Confidentiality & Informed Consent

National Longitudinal Survey of Youth - 1997 Cohort

Confidentiality & Informed Consent

Survey Procedures

Like all contractor staff, field interviewers are agents of BLS and are required to sign the BLS agent agreement before working on the NLSY97. All interviewers also must undergo a background check when they are hired. Confidentiality is stressed during training and enforced at all times. Field interviewers receive specific instructions in their reference manuals to remind them of the appropriate procedures when locating or interacting with respondents or contacts.

At the end of each interview, interviewers ask respondents to provide information on family members, friends, or neighbors who can be contacted if the interviewers are unable to locate the sample member in a subsequent round of interviews. The interviewers then use those contacts to help in locating sample members who have moved. When contacting a sample member's relatives, friends, or neighbors about the sample member's whereabouts, interviewers never disclose the name of the survey they are conducting. They are instructed to maintain the confidentiality of any relative, friend, or neighbor who provides information about the sample member's whereabouts.

Answering machines can pose potential problems when contacting sample members because it is difficult to confirm that the interviewer is calling a sample member's correct phone number or that other household members will not hear the message. For those reasons, interviewers are instructed not to leave messages on answering machines.

When interviewers contact the appropriate household, they ask to speak with the sample member or the parent of a sample member under age 18. Interviewers introduce themselves and state the purpose of the call by saying that they are from NORC at the University of Chicago and are calling concerning a national survey. The name of the survey is not disclosed to anyone but the sample member.

Special situations

The NLSY97 is a general population survey and includes a variety of sample members with special circumstances, such as incarcerated individuals, respondents in the military, other institutionalized persons, disabled persons, those with limited English proficiency, and so forth.

Incarcerated respondents: Incarcerated respondents constitute the largest group requiring special accommodations. The first challenge with incarcerated respondents is contacting them to schedule an interview. NLS interviewers must contact the prison administration to arrange for an interview, but the interviewers cannot legally reveal to the prison administration that the prisoner previously had participated in the survey without first obtaining the written, informed consent of the prisoner to reveal that information.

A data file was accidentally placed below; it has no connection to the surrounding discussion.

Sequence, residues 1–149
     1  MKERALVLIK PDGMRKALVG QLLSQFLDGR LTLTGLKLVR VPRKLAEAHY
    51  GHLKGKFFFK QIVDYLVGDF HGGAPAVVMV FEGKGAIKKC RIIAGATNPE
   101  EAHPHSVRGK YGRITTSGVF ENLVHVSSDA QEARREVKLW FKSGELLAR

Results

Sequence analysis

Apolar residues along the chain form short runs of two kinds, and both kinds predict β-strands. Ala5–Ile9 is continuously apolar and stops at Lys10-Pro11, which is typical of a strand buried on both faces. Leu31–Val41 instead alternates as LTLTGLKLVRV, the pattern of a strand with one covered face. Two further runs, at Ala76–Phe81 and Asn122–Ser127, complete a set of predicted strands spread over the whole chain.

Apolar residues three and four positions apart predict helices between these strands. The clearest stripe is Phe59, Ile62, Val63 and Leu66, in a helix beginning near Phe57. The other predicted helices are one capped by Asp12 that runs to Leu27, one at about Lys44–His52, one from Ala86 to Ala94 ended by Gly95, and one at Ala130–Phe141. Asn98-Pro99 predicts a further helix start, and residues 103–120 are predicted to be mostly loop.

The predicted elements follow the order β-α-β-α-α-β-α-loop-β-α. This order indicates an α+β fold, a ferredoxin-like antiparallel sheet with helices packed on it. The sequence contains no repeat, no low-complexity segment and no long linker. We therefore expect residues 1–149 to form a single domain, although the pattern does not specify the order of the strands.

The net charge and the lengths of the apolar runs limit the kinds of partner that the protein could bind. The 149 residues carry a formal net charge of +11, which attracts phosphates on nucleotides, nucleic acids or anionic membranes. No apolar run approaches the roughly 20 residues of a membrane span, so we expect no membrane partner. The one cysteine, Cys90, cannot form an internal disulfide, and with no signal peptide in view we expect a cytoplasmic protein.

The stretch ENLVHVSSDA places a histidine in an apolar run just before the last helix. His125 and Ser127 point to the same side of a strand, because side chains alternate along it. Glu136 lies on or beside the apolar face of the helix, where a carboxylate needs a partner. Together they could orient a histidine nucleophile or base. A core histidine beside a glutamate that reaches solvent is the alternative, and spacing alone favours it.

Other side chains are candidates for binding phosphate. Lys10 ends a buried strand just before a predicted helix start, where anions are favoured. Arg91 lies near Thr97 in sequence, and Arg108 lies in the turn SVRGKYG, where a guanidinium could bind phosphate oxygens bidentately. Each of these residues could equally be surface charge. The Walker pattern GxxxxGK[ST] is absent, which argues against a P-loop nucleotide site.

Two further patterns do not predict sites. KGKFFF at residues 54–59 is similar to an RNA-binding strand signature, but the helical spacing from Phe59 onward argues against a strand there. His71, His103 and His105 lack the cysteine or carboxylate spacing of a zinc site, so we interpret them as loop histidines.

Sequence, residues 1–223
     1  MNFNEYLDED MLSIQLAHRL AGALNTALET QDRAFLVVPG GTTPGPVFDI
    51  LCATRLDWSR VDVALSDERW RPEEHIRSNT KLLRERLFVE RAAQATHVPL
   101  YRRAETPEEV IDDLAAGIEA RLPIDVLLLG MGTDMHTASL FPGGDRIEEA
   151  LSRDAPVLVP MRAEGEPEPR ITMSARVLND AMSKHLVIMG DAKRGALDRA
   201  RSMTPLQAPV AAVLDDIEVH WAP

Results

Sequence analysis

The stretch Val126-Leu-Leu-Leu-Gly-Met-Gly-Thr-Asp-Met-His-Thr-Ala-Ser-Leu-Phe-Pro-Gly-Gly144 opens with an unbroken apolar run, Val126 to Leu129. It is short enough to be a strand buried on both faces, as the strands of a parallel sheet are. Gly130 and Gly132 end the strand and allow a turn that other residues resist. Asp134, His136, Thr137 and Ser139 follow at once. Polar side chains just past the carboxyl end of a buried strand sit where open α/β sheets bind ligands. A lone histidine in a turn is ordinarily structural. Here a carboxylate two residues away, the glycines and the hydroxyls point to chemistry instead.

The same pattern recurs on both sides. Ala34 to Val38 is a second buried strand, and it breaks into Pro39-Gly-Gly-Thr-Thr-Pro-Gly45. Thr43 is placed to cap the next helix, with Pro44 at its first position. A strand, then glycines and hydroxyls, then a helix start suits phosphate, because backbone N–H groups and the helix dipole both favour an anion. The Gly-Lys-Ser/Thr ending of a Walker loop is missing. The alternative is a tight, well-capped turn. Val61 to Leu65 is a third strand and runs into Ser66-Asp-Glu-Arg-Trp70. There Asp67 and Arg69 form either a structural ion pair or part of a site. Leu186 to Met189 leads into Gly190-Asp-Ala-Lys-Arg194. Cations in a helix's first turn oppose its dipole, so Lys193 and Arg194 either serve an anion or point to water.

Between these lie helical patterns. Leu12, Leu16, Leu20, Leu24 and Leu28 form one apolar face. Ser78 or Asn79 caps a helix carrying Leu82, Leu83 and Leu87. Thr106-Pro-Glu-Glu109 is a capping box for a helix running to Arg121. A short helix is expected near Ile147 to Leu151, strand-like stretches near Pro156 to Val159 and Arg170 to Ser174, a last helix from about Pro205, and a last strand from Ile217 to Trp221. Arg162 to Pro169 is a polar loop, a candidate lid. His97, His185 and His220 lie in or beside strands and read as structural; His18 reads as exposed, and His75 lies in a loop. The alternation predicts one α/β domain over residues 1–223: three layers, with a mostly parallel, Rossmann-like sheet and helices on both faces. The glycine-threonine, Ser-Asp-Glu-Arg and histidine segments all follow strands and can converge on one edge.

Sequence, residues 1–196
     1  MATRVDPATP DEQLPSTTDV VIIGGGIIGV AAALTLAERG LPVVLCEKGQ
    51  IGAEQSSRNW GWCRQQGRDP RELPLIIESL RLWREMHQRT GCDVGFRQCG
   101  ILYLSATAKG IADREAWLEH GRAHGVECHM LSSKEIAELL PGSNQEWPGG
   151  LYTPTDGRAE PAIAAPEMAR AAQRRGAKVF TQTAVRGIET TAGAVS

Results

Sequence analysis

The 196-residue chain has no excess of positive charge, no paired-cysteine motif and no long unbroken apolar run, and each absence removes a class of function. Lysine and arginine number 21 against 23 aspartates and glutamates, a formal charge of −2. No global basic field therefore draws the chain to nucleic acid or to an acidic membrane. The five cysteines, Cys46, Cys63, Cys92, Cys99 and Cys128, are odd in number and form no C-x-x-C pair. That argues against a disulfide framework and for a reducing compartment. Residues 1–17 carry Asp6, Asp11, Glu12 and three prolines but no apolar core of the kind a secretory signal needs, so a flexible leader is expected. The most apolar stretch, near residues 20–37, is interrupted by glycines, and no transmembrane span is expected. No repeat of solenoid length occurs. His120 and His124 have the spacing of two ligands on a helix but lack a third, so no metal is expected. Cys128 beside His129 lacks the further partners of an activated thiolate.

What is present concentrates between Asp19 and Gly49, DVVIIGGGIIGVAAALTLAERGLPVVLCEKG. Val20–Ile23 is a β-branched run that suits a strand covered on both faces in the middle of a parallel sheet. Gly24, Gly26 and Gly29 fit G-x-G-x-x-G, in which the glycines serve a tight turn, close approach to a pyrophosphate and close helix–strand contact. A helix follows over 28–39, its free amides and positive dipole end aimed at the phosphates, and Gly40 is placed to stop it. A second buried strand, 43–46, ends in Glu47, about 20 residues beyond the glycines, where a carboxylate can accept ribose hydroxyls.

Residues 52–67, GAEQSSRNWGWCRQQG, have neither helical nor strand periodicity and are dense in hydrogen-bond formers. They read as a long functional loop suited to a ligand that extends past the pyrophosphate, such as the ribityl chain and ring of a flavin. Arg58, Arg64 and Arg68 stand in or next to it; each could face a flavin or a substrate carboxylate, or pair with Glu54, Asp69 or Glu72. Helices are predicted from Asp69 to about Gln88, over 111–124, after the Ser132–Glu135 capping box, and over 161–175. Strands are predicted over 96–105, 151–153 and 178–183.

The following steps are used for obtaining prisoners' consent:

  1. Prisoners are first sent a letter reminding them about their previous participation in a NORC survey, but, in case the mail is monitored by prison staff, the letter does not name the survey or BLS so as not to reveal the prisoner's participation. The letter encourages the prisoner to participate in the upcoming round of the survey. It explains that NORC staff needs to set up an interview through the prison administration but that NORC cannot tell the prison administration about the prisoner's participation without the prisoner's informed consent. The letter then asks the prisoner to request a consent form by signing and dating an enclosed form letter and mailing it to NORC in a pre-addressed, postage-paid envelope. The letter reminds the prisoner that the mail at the institution may be monitored and explains that the consent form that NORC will send the prisoner will state the prisoner's name and the name of the survey. The letter emphasizes that, by returning the enclosed form letter, prison management or staff may learn that the prisoner is a participant in the survey.
  2. If the prisoner chooses to send the form letter to NORC, NORC then sends the prisoner a cover letter and a consent form that names the specific survey.  The prisoner is asked to sign the consent form and mail it to NORC in a pre-addressed, postage-paid envelope. Once NORC has received the signed consent form, NORC staff can contact the prison to request permission to interview the prisoner and learn about any restrictions that the prison administration may impose.